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June 2017 Archives

Donathan v. Oakley Grain, Inc., No. 15-3508 (8th Cir. June 28, 2017)

The Eighth Circuit holds that a granary employee who complained about sex discrimination in her paycheck - only to have her manager initiate her layoff literally minutes later - was entitled to have a jury decide whether she suffered retaliation under the Equal Pay Act, Title VII and the Arkansas Civil Rights Act.

Bayer v. Neiman Marcus Group, Inc., No. 15-15287 (9th Cir. June 26, 2017)

Here's a timely reminder to include a prayer for nominal damages in Title VII and ADA complaints. At least in some circuits, including the Ninth, such relief is deemed equitable and thus may protect a claim from being mooted by intervening changed circumstances. That little toehold for $1.00 in damages may be the difference between outright dismissal and prevailing-party status.

Will Trump's Immigration Crackdown Lead to Wage Abuse?

Have you ever interacted with a cashier, gardener, nail salon employee, call center worker, home health aide, parking attendant, or restaurant server? If so, chances are the person who provided you that service was an undocumented worker.

EEOC v. CONSOL Energy, Inc., No. 16-1230 (4th Cir. June 12, 2017)

The Fourth Circuit affirms a jury verdict and back-pay relief of $586,860 in favor of the EEOC, in a Title VII religious accommodation case where the employer stubbornly "belie[ved] that it could rely on its own understanding of scripture to limit the scope of the accommodation it offered" an employee who, because of his Christian faith, refused to use a hand scanner.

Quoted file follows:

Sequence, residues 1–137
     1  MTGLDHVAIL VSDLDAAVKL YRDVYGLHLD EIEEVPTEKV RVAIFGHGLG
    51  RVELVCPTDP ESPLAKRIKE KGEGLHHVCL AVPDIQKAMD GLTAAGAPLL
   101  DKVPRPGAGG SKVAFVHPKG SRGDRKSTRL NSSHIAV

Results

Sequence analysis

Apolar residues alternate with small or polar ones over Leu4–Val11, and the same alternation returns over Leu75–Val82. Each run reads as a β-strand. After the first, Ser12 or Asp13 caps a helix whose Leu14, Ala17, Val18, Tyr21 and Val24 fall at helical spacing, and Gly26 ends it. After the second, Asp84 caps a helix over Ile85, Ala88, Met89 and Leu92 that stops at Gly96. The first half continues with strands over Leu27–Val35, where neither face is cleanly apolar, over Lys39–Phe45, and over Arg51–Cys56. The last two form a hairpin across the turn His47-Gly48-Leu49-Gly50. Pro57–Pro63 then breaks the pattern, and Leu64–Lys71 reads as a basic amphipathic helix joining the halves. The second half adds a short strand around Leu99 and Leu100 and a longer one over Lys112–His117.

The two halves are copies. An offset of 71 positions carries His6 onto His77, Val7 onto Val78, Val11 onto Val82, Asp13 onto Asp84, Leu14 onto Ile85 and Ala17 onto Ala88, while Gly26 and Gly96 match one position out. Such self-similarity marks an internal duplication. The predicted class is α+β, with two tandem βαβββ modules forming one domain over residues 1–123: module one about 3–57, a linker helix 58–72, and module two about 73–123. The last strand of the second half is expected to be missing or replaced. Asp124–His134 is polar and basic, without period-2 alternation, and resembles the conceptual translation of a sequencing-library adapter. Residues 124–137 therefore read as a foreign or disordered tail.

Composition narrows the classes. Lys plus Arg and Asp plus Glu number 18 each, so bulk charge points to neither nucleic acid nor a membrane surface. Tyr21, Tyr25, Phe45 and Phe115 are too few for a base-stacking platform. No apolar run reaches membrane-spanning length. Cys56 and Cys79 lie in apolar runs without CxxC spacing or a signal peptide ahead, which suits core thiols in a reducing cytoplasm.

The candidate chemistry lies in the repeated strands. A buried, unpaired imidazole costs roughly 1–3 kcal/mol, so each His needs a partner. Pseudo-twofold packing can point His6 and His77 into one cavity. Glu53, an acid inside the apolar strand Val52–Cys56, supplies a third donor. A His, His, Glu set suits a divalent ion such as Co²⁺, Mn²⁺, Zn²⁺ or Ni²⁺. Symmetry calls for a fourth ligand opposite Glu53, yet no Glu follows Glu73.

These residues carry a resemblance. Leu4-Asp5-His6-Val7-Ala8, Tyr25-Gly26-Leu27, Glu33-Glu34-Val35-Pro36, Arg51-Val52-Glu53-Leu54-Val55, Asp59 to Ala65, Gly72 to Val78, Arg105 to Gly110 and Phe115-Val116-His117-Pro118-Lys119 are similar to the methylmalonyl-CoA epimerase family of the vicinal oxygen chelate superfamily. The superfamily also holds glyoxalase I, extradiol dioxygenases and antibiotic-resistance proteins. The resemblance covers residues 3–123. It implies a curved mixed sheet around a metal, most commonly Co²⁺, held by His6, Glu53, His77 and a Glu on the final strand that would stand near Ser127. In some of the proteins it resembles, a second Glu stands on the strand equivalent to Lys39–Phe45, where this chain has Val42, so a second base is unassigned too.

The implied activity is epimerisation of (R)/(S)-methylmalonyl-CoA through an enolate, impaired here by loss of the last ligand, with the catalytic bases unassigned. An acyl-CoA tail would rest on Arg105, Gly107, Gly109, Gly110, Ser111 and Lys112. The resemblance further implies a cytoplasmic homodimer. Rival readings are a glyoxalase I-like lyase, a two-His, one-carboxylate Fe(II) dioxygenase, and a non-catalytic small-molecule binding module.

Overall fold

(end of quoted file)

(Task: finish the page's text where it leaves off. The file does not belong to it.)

Promotion vs. Reality: Are Companies All Talk and No Action Regarding Workplace Gender Equality?

Gender equality in the workplace and eliminating the gender pay gap are hot topics in the news, with some large brands capitalizing on the discussion to attract female consumers. Using flashy ads, social media campaigns, and press releases, companies say that they're committed to making meaningful cultural changes in their workplaces.

What Employees Should Know in the Wake of the 9th Circuit Pay History Ruling

Employers have the right to pay a man more than a woman for the same work if he had a higher salary at a previous job and there is a "reasonable policy" that justifies the company using past salaries to determine compensation. This was an opinion issued in April by the 9th Circuit in Rizo v. Yovino - a decision that threatens to severely undermine this country's progress on pay equity.

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